This is the condensed version of an article entitled "ASSESSING ADHESIVE BOND FAILURES: MIXED-MODE BOND FAILURES EXPLAINED"
Field inspections of adhesive bonded joints cannot detect degregation of bond strength. Yet at the end of a "successful" inspection, the aircraft mechanic is to declare the aircraft safe to fly. Is this an impossible task?
Adhesives depend on chemical bonds formed at the interface between the adhesive and adherend at the time the adhesive is cured. If chemical bonds are strong, failure occurs through the adhesive; bond strength is high. If the chemical bonds are weak or degraded, failure occurs through or near the interface; bond strength is low.
For metals, hydration of the surface oxides by water is the most common cause of failure. For example, aluminum forms an oxide almost instantaneously when the pure metal is exposed to the atmosphere after etching or abrasion during the production process. A bond which is susceptible to hydration at the interface has short term strength that may be sufficient to pass certification and quality assurance tests. However, as time in service progresses and the interface gradually deteriorates; bond strength degrades and eventually fails even without any loads.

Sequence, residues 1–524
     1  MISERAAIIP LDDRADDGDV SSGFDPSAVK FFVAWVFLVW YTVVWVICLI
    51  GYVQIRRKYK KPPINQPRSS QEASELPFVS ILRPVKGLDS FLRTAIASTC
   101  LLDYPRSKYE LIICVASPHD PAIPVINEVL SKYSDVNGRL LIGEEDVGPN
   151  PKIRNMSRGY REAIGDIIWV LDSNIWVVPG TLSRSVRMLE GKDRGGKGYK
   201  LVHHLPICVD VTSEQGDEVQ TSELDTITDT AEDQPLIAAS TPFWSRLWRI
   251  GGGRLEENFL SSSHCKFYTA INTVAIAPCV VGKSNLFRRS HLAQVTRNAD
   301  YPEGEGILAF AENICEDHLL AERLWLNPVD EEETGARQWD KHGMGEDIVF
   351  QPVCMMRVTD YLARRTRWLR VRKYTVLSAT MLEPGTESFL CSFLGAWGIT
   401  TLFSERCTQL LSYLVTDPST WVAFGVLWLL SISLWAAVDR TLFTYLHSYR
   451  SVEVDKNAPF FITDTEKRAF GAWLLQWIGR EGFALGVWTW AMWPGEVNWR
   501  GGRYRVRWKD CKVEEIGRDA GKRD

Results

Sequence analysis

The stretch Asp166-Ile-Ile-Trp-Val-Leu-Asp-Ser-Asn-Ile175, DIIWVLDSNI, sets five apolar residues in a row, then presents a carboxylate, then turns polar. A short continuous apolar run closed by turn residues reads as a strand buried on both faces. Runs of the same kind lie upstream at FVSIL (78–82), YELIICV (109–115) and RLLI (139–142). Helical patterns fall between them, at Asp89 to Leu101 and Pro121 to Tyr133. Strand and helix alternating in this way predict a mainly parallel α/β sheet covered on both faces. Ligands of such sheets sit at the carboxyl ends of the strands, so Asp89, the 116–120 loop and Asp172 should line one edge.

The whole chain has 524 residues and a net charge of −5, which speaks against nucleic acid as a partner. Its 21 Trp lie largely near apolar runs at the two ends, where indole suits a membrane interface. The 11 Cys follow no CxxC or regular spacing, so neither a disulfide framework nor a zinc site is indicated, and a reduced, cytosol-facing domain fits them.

Many current tests for process validation are based on static strength. For bonds which are susceptible to hydration, the chemical bonds at the interface are initially strong. It is not until the interface has begun to hydrate that there is a measurable loss of bond strength. Hence, short term strength or fatigue tests cannot prevent the in-service bond degradation and adhesion failures.
Many structures pass certification testing and quality assurance tests, including NDI, therefore one could infer that these are sound structures. Yet these structures may be susceptible to hydration of the interface and subsequent failure in service.
In later service, there is a potential for the adhesive bonds to dissociate so that the oxides can hydrate. This creates an interfacial failure of the adhesive bond. Moisture absorbed by the adhesive is sufficient to start hydration, and paints and sealants are not an adequate measure to prevent hydration because they simply slow down, not prevent, moisture absorption.
Out in the field, NDI can only tell whether or not the bond has a physical defect, it can NOT determine the strength of the bond. NDI can therefore not detect the onset of bond strength reduction. Aircraft mechanics cannot assure the strength of bonded joints and it is up to the regulatory authorities and the manufacturer to recognize the limitations inherent in the inspection of bonded joints.
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